Village Blend Coffee in Sloatsburg, NY

The Village Blend Capitalizes on Sloatsburg Revitalization

Food & Drink Living

Entrepreneur Michael Bruno Kickstarts Gentrification in Rockland’s Most Rural Corner

By Tina Traster

Village Blend Coffee in Sloatsburg, NY
The Village Blend, Orange Turnpike, Sloatsburg, NY

Let me be honest. I was not expecting to catch a Brooklyn vibe in Sloatsburg when I parked outside The Village Blend one recent autumn day. But there it was inside the fire-red Colonial building across from the NJ Transit train tracks in the Commuter Parking Lot: fabulous design, impressive coffee, and a mix of homemade and New York City-imported Balthazar pastries under glass.

You’ve heard of the Oprah bump. The Shark Tank bump. Call this the Bruno bump. Former tech titan-turned-developer Michael Bruno, who is in the process of expanding Valley Rock Inn & Mountain Club, a unique pleasure destination that includes a 17-room inn, restaurant, bar, market, and gym, is giving small businesses the confidence to gentrify Sloatsburg.

“Sloatsburg needed a place for people to gather, relax, and meet friends,” said Berntsen. “All we had was Dunkin Donuts.”

Barbara Berntsen dreamed of opening a coffee shop in Sloatsburg for 15 years. The Village Blend is housed in a section of the two-building complex Berntsen, and her daughter Nicole Scanlon, co-own. The larger building on Route 17 houses the hair salon Rococo’s and two offices. The mother-and-daughter team run their construction company All American Drywall in the upstairs portion of the smaller building behind Rococo’s. The 700-square-foot lower level used to be a garage.

After a long, trying six-month, six-figure reformation that included both interior and exterior work, The Village Blend was born. The shop serves BonJo coffee, a medium smooth Central American blend from the Connecticut roaster. A cup of coffee is $2.50 for a large, $2 for regular. Croissants, muffins, crumb cake and bagels from Bagel Train in Suffern were on offer the day I was there. A steady flow of hikers, bikers, day trippers and locals streamed into The Village Blend. The mix of pendant lighting, woods and leather create a relaxed atmosphere. The re-polished, buffed, and coated concrete floor looks like a cowhide – a happy design accident.

The hipster coffee shop, owned by Berntsen, Scanlon, and designer/artist Cindy Sass Garcia, is a collaboration among Sloatsburg locals who are reading the tea leaves.

“It’s been slow but Sloatsburg is ready for revitalization,” said Berntsen, who is also president of the Sloatsburg Chamber of Commerce (which is also in the process of rebooting after going dormant).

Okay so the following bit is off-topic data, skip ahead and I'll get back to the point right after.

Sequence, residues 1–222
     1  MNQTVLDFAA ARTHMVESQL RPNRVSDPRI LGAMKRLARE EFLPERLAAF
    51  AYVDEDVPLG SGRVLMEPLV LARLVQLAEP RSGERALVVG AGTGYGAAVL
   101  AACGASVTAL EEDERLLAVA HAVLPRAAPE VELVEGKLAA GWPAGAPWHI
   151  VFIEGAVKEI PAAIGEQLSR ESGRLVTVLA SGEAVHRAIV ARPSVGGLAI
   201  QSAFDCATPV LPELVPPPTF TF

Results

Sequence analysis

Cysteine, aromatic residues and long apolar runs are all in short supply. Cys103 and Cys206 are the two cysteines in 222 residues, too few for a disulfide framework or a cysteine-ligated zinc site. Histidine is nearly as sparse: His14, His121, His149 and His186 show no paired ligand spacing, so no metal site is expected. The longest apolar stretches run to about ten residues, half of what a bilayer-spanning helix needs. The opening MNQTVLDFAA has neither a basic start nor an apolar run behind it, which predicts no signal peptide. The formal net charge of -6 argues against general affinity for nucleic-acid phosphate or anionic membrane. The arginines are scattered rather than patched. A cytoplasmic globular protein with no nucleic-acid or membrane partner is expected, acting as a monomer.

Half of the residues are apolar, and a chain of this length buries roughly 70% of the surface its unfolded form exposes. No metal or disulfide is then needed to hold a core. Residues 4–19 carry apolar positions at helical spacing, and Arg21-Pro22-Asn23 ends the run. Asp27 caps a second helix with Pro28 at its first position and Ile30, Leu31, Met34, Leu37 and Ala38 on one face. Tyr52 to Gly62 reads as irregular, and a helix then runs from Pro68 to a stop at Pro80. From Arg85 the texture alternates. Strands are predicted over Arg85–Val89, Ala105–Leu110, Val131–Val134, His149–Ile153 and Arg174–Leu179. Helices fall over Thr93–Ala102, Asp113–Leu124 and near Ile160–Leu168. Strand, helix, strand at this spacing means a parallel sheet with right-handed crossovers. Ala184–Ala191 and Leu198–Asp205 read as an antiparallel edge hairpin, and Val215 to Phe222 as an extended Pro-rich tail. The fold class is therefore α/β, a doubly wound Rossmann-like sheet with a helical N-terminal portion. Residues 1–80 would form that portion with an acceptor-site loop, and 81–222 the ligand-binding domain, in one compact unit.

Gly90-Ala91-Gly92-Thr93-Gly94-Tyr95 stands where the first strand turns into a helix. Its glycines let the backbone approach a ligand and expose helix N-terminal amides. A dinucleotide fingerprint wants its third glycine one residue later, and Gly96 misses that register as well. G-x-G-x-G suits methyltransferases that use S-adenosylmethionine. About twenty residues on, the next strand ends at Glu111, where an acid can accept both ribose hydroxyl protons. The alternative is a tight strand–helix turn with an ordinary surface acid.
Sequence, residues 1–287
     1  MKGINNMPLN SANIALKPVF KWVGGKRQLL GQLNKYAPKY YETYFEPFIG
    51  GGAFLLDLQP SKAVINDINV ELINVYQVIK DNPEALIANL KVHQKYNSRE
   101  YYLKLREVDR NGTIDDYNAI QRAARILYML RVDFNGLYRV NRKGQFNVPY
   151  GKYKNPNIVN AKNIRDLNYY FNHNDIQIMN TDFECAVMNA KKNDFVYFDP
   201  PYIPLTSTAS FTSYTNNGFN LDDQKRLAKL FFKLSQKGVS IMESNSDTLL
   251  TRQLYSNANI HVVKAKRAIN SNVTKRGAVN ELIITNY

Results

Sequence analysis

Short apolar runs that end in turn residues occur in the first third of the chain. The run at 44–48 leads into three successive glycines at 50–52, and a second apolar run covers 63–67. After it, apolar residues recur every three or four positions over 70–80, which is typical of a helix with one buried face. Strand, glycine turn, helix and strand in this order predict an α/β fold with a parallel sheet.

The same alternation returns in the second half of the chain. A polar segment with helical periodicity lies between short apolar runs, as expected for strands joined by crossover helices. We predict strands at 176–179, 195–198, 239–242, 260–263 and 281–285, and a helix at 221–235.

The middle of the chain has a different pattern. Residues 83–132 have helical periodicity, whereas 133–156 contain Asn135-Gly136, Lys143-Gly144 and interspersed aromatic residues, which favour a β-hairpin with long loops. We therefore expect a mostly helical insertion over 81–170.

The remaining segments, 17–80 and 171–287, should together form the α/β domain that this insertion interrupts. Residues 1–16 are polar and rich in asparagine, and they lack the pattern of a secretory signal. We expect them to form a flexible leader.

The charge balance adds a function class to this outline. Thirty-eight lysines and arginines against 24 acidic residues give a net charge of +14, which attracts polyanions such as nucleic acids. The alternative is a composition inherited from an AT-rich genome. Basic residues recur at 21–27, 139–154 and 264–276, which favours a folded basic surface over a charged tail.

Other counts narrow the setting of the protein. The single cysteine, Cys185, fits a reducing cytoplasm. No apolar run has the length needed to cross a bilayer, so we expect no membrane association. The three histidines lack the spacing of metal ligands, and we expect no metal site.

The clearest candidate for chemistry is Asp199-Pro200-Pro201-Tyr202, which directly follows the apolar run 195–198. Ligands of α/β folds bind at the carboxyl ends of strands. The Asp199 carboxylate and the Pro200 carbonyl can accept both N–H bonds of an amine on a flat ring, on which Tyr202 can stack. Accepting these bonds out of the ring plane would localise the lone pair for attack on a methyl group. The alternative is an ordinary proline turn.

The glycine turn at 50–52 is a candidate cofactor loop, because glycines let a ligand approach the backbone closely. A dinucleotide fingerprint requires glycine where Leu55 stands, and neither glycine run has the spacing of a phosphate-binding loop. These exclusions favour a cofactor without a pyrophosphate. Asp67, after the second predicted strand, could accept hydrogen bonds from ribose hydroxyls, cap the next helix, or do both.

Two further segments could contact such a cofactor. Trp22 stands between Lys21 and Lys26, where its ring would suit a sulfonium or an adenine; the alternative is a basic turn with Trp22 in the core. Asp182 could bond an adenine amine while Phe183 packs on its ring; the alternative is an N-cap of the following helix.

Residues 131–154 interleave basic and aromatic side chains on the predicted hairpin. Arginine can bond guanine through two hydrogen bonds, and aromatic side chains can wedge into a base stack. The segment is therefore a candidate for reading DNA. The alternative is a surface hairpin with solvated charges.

Valley Rock Inn Opens

Only within the past two years has Sloatsburg, population 3,100, hooked up sewer. Talks are underway to upgrade and beautify sidewalks, walkways, streetscapes. But Bruno’s Valley Rock Inn, opened this summer, has already begun to draw New York City hipsters, as well as Hudson Valley and tri-state area folks, who are seeking upscale amenities at the foothills of Harriman State Park and its 70,000 forever wild acres. Ramapo Woodmont Hills Apartments, a 384-rental complex on Route 17 near Auntie El’s Farm Stand, is underway. Also, the nearby development Tuxedo Farms, with 2,000 townhouses, cottages, apartments and estates, will be a boon to Sloatsburg.

Valley Rock Inn, Sloatsburg

Bruno’s urban oasis began two years ago with the purchase of an old barn he transformed into a market, the Blue Barn Farm Stand. Then he bought another building, and another until a seedling of an idea morphed into a $6 million purchase of 15 acres with a dozen buildings. Four have been restored to create an inn, and plans are still being created for at least a half dozen more historic structures, which the entrepreneur is likely to rehab. Bruno says the year-round restaurant will open in January. Plans for Valley Rock Inn include an art gallery, antiques shop, bike shop and an events space.

One thing Valley Rock Inn won’t need is a coffee shop because the Village Blend is right at the property’s doorstep.

“Sloatsburg needed a place for people to gather, relax, and meet friends,” said Berntsen. “All we had was Dunkin Donuts.”

The coffee shop owners hope to recoup their initial investment within two years. The NJ Transit stop outside their doorstep is not very busy with weekly commuters but the owners expect a blend of locals and weekend foot traffic to fuel their success. “We have a lot of people who run small businesses working from home and a lot of artists and craftsman,” said Berntsen. “A lot of young families are moving up here. The need is here, and now’s the right time.”

The Village Blend | 86 Orange Turnpike, Commuter Parking Lot, Sloatsburg, NY 

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